From 11:00PM PDT on Friday, July 1 until 5:00AM PDT on Saturday, July 2, the Shmoop engineering elves will be making tweaks and improvements to the site. That means Shmoop will be unavailable for use during that time. Thanks for your patience!
We have changed our privacy policy. In addition, we use cookies on our website for various purposes. By continuing on our website, you consent to our use of cookies. You can learn about our practices by reading our privacy policy.
© 2016 Shmoop University, Inc. All rights reserved.
Emma

Emma

  

by Jane Austen

Emma Society and Class Quotes

How we cite our quotes: Citations follow this format: (Chapter.Paragraph)

Quote #1

Emma Woodhouse, handsome, clever, and rich, with a comfortable home and happy disposition, seemed to unite some of the best blessings of existence; and had lived nearly twenty-one years in the world with very little to distress or vex her. (1.1)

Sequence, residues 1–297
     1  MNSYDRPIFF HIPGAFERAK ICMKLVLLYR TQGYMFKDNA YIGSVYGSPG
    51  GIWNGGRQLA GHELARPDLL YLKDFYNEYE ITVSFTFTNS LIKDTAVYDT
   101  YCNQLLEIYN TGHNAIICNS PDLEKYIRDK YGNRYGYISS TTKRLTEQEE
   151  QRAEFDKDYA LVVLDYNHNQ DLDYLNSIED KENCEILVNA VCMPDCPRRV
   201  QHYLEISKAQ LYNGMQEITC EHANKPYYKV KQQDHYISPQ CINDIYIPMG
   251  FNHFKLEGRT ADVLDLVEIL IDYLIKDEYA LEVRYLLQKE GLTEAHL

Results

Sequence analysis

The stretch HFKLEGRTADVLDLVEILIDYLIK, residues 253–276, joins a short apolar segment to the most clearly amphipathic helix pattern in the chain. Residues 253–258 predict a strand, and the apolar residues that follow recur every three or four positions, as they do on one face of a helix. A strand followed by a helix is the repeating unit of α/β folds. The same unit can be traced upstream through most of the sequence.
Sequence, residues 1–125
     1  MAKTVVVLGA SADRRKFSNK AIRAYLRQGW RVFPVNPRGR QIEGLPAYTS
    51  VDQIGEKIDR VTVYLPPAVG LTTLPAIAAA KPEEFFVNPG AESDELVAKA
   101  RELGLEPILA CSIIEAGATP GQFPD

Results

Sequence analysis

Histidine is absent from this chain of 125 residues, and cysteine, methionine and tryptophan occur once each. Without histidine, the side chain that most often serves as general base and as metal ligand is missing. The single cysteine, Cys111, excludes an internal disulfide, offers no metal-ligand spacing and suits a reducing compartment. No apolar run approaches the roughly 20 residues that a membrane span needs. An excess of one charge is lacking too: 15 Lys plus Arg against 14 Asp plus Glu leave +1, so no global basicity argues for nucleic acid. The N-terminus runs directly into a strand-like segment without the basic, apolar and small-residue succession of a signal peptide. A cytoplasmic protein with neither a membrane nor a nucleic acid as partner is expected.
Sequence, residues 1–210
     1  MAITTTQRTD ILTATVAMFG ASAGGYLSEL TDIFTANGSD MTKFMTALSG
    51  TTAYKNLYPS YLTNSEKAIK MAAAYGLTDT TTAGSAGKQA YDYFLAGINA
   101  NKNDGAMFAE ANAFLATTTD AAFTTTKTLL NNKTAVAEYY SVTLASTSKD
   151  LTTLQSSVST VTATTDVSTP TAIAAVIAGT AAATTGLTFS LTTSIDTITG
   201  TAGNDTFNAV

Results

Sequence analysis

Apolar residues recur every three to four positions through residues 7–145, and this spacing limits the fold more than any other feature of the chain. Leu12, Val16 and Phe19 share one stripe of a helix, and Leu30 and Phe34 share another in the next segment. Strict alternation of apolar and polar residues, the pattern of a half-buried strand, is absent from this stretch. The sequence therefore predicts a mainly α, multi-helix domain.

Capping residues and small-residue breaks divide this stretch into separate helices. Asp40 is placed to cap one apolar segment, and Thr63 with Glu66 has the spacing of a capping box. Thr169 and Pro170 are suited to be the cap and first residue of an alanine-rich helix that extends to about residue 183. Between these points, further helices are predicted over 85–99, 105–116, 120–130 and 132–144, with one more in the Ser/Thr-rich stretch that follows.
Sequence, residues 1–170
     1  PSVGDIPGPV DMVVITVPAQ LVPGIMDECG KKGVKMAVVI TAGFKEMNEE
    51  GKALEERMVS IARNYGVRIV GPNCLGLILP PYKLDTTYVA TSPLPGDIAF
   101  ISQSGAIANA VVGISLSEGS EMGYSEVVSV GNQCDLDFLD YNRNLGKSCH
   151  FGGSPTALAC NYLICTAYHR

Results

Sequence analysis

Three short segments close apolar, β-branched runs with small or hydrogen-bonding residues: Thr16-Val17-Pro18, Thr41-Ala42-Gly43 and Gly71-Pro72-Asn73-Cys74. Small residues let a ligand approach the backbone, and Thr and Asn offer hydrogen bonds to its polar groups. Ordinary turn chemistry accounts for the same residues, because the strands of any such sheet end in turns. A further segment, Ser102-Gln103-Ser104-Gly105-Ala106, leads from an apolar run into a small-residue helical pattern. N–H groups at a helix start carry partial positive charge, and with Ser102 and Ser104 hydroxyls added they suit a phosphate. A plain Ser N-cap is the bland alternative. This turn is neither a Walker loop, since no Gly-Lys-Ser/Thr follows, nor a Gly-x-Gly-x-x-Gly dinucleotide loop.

Beginning with a perfect beginning is a sure sign that things are going to take a detour soon! Most importantly, this description of Emma focuses on the stability of her home and social situation.

Quote #2

It was an unsuitable connection, and did not produce much happiness. (2.4)

"Unsuitable" because the wife was rich and the husband poor, Mr. Weston’s first marriage becomes a cautionary tale about the need for social situations to be similar in order for love to actually exist.

Quote #3

Miss Smith is a very good sort of girl; and I should be happy to see her respectably settled. I wish her extremely well and, no doubt, there are men who might not object to—Every body has their level but as for myself, I am not, I think, quite so much at a loss. (15.36)

Even Mr. Elton has a strong sense of how Harriet fits into a social hierarchy. Emma’s affection (and her determination) blinds her as to Harriet’s prospects.

People who Shmooped this also Shmooped...

Advertisement